PubMed  PubMed Central  Google Scholar 

  15. 15.

    Scanlan TK, Carpenter PJ, Simons JP, Schmidt GW, Keeler B. An introduction to the sport commitment model. J Sport Exerc Psychol. 1993;15(1):1–15. https://doi.org/10.1123/jsep.15.1.1.

    Article  Google Scholar 

  16. 16.

    Patel NK, Sabharwal S, Hadley C, Blanchard E, Church S. Factors affecting return to sport following hamstrings anterior cruciate ligament reconstruction in non-elite athletes. Eur J Orthop Surg Traumatol. 2019;29(8):1771–9. https://doi.org/10.1007/s00590-019-02494-4.

    Article  PubMed  Google Scholar 

  17. 17.

    Fältström A, Hägglund M, Kvist J. Patient-reported knee function, quality of life, and activity level after bilateral anterior cruciate ligament injuries. Am J Sports Med. 2013;41(12):2805–13. https://doi.org/10.1177/0363546513502309.

    Article  PubMed  Google Scholar 

  18. 18.

    Nagelli CV, Hewett TE. Should return to sport be delayed until 2 years after anterior cruciate ligament reconstruction? Biological and Functional Considerations. Sports Med. 2017;47(2):221–32. https://doi.org/10.1007/s40279-016-0584-z.

    Article  PubMed  PubMed Central  Google Scholar 

  19. 19.

    Faul F, Erdfelder E, Lang AG, Buchner A. G*power 3: a flexible statistical power analysis program for the social, behavioral, and biomedical sciences. Behav Res Methods. 2007;39(2):175–91. https://doi.org/10.3758/BF03193146.

    Article  PubMed  Google Scholar 

  20. 20.

    Webster KE, McPherson AL, Hewett TE, Feller JA. Factors associated with a return to Preinjury level of sport performance after anterior cruciate ligament reconstruction surgery. Am J Sports Med. 2019;47(11):2557–62. https://doi.org/10.1177/0363546519865537.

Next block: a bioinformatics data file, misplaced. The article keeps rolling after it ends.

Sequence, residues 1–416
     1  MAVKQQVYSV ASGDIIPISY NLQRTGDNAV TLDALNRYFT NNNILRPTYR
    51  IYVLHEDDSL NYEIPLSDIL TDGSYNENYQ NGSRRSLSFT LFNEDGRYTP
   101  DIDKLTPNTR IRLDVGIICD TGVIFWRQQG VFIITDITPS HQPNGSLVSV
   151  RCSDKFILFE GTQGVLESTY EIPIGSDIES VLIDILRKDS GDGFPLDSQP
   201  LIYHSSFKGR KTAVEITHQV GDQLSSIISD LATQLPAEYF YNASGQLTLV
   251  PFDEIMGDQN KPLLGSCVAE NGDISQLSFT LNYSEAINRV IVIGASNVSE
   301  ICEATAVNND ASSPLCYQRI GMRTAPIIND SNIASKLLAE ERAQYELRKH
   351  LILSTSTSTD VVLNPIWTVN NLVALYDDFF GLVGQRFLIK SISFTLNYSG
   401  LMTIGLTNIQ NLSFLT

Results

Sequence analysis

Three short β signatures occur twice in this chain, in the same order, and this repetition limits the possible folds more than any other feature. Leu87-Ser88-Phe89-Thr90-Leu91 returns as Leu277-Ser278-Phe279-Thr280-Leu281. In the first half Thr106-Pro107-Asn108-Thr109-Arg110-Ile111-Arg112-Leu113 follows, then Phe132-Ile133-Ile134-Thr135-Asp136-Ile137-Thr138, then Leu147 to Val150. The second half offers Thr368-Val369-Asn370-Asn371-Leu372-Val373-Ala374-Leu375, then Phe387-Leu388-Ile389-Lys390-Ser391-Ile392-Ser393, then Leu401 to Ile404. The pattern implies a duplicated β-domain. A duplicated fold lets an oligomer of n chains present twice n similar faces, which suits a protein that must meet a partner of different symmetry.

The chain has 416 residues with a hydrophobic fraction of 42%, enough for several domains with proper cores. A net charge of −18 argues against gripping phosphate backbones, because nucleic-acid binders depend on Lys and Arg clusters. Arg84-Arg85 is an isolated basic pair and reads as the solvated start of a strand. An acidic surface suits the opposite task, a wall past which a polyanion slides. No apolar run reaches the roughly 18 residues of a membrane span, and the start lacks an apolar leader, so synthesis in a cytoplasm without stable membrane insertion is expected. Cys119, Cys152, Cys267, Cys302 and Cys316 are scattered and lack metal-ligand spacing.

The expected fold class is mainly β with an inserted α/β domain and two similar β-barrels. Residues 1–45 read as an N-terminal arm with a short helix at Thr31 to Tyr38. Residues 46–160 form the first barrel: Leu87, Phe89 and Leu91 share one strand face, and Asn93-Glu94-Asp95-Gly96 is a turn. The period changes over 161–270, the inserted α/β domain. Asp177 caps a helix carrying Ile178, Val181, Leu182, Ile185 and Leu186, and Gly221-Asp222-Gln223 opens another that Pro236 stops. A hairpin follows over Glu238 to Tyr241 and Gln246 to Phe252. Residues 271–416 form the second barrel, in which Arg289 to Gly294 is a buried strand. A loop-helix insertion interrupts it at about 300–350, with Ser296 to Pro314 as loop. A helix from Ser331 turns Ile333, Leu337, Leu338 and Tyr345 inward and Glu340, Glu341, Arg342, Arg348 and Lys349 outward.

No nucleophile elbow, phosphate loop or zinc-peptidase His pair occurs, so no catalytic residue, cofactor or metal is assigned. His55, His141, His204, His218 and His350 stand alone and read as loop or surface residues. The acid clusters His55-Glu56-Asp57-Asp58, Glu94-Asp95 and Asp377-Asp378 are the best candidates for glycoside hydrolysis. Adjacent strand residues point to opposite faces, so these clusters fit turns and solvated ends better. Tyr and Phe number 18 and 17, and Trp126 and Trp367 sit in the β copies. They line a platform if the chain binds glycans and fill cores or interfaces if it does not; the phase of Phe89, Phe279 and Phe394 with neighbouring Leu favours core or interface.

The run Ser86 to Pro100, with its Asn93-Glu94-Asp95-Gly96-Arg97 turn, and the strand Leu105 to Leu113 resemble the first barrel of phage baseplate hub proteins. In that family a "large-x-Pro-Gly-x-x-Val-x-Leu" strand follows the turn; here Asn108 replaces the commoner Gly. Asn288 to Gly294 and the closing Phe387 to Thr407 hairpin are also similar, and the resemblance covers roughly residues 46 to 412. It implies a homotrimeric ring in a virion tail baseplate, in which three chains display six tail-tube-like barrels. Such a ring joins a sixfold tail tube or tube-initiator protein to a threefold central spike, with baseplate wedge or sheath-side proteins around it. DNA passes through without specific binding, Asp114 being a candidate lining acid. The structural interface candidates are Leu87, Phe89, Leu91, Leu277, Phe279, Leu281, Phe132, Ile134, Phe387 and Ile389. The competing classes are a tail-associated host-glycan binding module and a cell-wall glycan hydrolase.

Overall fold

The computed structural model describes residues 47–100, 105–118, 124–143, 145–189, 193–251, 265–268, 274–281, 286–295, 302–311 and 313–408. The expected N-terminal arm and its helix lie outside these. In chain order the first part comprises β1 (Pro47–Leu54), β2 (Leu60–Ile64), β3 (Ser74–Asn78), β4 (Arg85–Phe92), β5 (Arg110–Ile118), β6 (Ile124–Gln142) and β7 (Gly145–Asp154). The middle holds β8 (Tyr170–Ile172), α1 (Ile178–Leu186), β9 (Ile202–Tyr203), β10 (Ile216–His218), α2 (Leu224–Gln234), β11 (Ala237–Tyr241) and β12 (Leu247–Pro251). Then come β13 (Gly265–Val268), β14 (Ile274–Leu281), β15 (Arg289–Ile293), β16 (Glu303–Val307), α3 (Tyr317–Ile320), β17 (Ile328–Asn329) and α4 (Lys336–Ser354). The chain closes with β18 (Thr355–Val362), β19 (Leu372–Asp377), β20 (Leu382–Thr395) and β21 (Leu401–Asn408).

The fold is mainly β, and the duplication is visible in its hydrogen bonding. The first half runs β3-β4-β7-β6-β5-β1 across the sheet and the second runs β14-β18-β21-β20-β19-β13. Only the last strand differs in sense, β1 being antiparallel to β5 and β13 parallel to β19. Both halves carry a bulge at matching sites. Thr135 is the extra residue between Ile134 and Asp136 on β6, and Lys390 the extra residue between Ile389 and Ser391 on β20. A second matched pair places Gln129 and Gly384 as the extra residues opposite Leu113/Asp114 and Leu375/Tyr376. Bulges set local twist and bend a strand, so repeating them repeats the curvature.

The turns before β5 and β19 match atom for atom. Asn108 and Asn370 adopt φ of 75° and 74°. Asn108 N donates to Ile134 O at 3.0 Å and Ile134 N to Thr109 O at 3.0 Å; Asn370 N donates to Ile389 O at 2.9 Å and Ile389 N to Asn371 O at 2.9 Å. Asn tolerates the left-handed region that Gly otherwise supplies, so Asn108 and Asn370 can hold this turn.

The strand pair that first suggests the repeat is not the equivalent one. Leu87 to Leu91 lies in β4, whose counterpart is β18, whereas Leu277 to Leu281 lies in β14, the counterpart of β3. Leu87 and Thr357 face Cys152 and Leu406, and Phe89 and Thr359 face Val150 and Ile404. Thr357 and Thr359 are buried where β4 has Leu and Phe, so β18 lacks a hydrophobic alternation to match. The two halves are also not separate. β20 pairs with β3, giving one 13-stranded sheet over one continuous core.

Article  PubMed  Google Scholar 

  21. 21.

    Lentz TA, Zeppieri G Jr, Tillman SM, Indelicato PA, Moser MW, George SZ, et al. Return to preinjury sports participation following anterior cruciate ligament reconstruction: contributions of demographic, knee impairment, and self-report measures. J Orthop Sports Phys Ther. 2012;42(11):893–901. https://doi.org/10.2519/jospt.2012.4077.

    Article  PubMed  PubMed Central  Google Scholar 

  22. 22.

    Ohji S, Aizawa J, Hirohata K, Ohmi T, Koga H, Okawa A, et al. The gap between subjective return to sports and subjective athletic performance intensity after anterior cruciate ligament reconstruction. Orthop J Sports Med. 2020;8(9):2325967120947402. https://doi.org/10.1177/2325967120947402.

    Article  PubMed  PubMed Central  Google Scholar 

  23. 23.

    Montalvo AM, Schneider DK, Webster KE, Yut L, Galloway MT, Heidt RS Jr, et al. Anterior cruciate ligament injury risk in sport: a systematic review and meta-analysis of injury incidence by sex and sport classification. J Athl Train. 2019;54(5):472–82. https://doi.org/10.4085/1062-6050-407-16.

    Article  PubMed  PubMed Central  Google Scholar 

  24. 24.

    Knottnerus A, Tugwell P. STROBE--a checklist to strengthen the reporting of observational studies in epidemiology. J Clin Epidemiol. 2008;61(4):323. https://doi.org/10.1016/j.jclinepi.2007.11.006.

    Article  PubMed  Google Scholar 

  25. 25.

    Hagiwara G, Isogai H. The study of the athletic identity: reexamination of the Japanese athletic identity measurement scale, and comparison of the competitive level and student athlete. J Phys Exerc Sports Sci. 2013;19(1):45–51.

    Google Scholar 

  26. 26.

    Hagiwara G, Isogai H. Examining the commitment for competitive sports: development of Japanese version of sports commitment scale. Japanese J Sport Psychol. 2014;41(2):131–42. https://doi.org/10.4146/jjspopsy.2014-1403.

    Article  Google Scholar 

  27. 27.

    Woby SR, Roach NK, Urmston M, Watson PJ. Psychometric properties of the TSK-11: a shortened version of the Tampa scale for Kinesiophobia. Pain. 2005;117(1–2):137–44. https://doi.org/10.1016/j.pain.2005.05.029.